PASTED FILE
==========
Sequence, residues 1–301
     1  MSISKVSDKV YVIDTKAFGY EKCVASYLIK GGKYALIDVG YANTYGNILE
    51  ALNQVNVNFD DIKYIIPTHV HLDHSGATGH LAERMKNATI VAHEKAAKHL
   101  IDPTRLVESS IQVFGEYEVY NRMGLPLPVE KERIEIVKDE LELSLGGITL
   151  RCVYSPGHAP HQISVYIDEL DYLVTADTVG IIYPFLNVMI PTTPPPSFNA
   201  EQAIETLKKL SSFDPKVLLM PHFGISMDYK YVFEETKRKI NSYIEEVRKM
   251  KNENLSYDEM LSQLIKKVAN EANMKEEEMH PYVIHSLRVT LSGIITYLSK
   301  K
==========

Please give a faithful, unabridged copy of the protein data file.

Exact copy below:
Sequence, residues 1–301
     1  MSISKVSDKV YVIDTKAFGY EKCVASYLIK GGKYALIDVG YANTYGNILE
    51  ALNQVNVNFD DIKYIIPTHV HLDHSGATGH LAERMKNATI VAHEKAAKHL
   101  IDPTRLVESS IQVFGEYEVY NRMGLPLPVE KERIEIVKDE LELSLGGITL
   151  RCVYSPGHAP HQISVYIDEL DYLVTADTVG IIYPFLNVMI PTTPPPSFNA
   201  EQAIETLKKL SSFDPKVLLM PHFGISMDYK YVFEETKRKI NSYIEEVRKM
   251  KNENLSYDEM LSQLIKKVAN EANMKEEEMH PYVIHSLRVT LSGIITYLSK
   301  K